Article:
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Colin? What a load of pollacks.

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CB27
533357.  Wed Apr 08, 2009 11:28 am Reply with quote

I had a massive bag of frozen coley which I used to sometimes feed my cat (after cooking it of course - the fish, not the cat). Unfortunately I got left with lots of coley after Muschky died from a stroke recently. I tried cooking the fish in different ways and agree it's not exactly the best fish for cooking (plus I'm not a seafood fan), but I managed to make a palatable dish with concentrated sundried tomato, coconut cream and shallots, cooking the whole thing in a large wide pan over a slow fire and it wasn't too bad.

 
Sadurian Mike
533459.  Wed Apr 08, 2009 3:46 pm Reply with quote

People are too embarrassed to ask for pollock?

Are we treading on "faggots" territory again?

I admit that the name is ripe for humour, however; "Hello Mr Fishmonger, can I have a look at your pollock please?"

 
CB27
533552.  Wed Apr 08, 2009 6:53 pm Reply with quote

Sadurian Mike wrote:
"Hello Mr Fishmonger, can I have a look at your pollock please?"


That's just all the fish guts on the floor, we haven't had time to clean up yet.

 
nitwit02
533594.  Wed Apr 08, 2009 8:51 pm Reply with quote

Is Skate still a regular in UK fish 'n chip shops?

Also, how about Rock Salmon (Dogfish)?

 
Sadurian Mike
533595.  Wed Apr 08, 2009 8:53 pm Reply with quote

I'm afraid I don't eat fish so I have no idea.

Ask me one on pies or saveloys.

 
bobwilson
533600.  Wed Apr 08, 2009 9:00 pm Reply with quote

nitwit02 wrote:
Is Skate still a regular in UK fish 'n chip shops?

Also, how about Rock Salmon (Dogfish)?


Most fish'n'chip shops I know of do "fish" - there's not much in the way of statements about what type of fish it is.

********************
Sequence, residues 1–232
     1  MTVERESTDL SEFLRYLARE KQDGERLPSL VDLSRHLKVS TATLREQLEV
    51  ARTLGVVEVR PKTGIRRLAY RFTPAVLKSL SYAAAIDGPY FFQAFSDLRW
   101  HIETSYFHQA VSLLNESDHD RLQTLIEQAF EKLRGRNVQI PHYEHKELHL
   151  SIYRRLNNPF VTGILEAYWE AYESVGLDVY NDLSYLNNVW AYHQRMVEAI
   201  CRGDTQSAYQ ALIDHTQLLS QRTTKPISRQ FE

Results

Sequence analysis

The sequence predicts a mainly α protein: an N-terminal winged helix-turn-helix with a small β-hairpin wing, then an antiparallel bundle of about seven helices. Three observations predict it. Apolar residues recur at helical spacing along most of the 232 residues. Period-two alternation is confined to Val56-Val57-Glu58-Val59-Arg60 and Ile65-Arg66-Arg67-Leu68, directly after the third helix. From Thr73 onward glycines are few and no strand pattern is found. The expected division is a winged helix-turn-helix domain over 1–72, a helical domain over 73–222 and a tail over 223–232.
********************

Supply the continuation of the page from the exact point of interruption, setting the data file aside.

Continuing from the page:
nitwit02
533601.  Wed Apr 08, 2009 9:05 pm Reply with quote

So, these days you don't know what you are getting? Oh dear ....

 
bobwilson
533606.  Wed Apr 08, 2009 9:11 pm Reply with quote

nitwit02 wrote:
So, these days you don't know what you are getting? Oh dear ....


when was the last time you read the ingredients on a ready meal?

 
suze
533712.  Thu Apr 09, 2009 6:45 am Reply with quote

I can only really speak for the fish'n'chip shop which we go to.

Its menu includes cod, haddock, plaice, and rock as so named, and I've no reason to suppose that the fishes are not as described.

(The spiny dogfish aka rock is actually considerably more endangered than the cod, and there's been a campaign to get it removed from menus.)

 
CB27
533739.  Thu Apr 09, 2009 8:54 am Reply with quote

I'm not really a fish person either, though I do like steak fish such as shark and swordfish, but if you're ever in NW London there's a place called Skipjacks in Queensbury which isn't bad for fish food.

 
Starfish13
533751.  Thu Apr 09, 2009 9:14 am Reply with quote

In Scotland the 'default' chippy fish in your supper tends to be haddock, but in England it is usually cod. If you want something else, you tend to have to ask for it by name. I've had flying fish in Tobago and hoki in NZ when asking for fish and chips over there. Newcastle chippies always seem to do kipper in a bun as an item on the menu, which no-one else in the world offers.

 
bobwilson
534437.  Fri Apr 10, 2009 8:33 pm Reply with quote

Quote:
Newcastle chippies always seem to do kipper in a bun


Austrian chippies now offer Kippr in a cellar (well salty and matured over about 20 years)

 
CB27
534454.  Fri Apr 10, 2009 10:47 pm Reply with quote

A few years back when I spent some time in the Caribbean, some beaches (not sure which islands they were) would have people selling deep fried shark served in a sort of fried bun and it was really delicious, probably the only time I actually loved seafood.

 
Starfish13
534653.  Sat Apr 11, 2009 3:05 pm Reply with quote

I was reading today about sharks, in particular Greenland shark. This is the one that Icelanders like to bury in a pit and wait until it rots before they eat it. But apparently the flesh is so concentrated in ammonia that eating is fresh is poisonous. The Inuits boil it for half a day, in several changes of water, then feed it to their dogs. I think that we're rather lucky to have colin and chips, ourselves.

 
Leith
535636.  Mon Apr 13, 2009 5:48 pm Reply with quote

Startfish13 wrote:
Pollack are also variously called pollock, saithe, coley, coalfish, Boston blueys and lythe.

It's possible I may be named after a pollack. I've seen a few suggested etymologies for the name of 'Leith', one of which is that it is a corruption of the Latin 'Lyth' or 'Lythe'.

See leithmuseum.ca: Definition of the word 'Leith' (though if the port of Leith is in fact named after a type fish, I think that would make it pretty unusual among UK place names).

 

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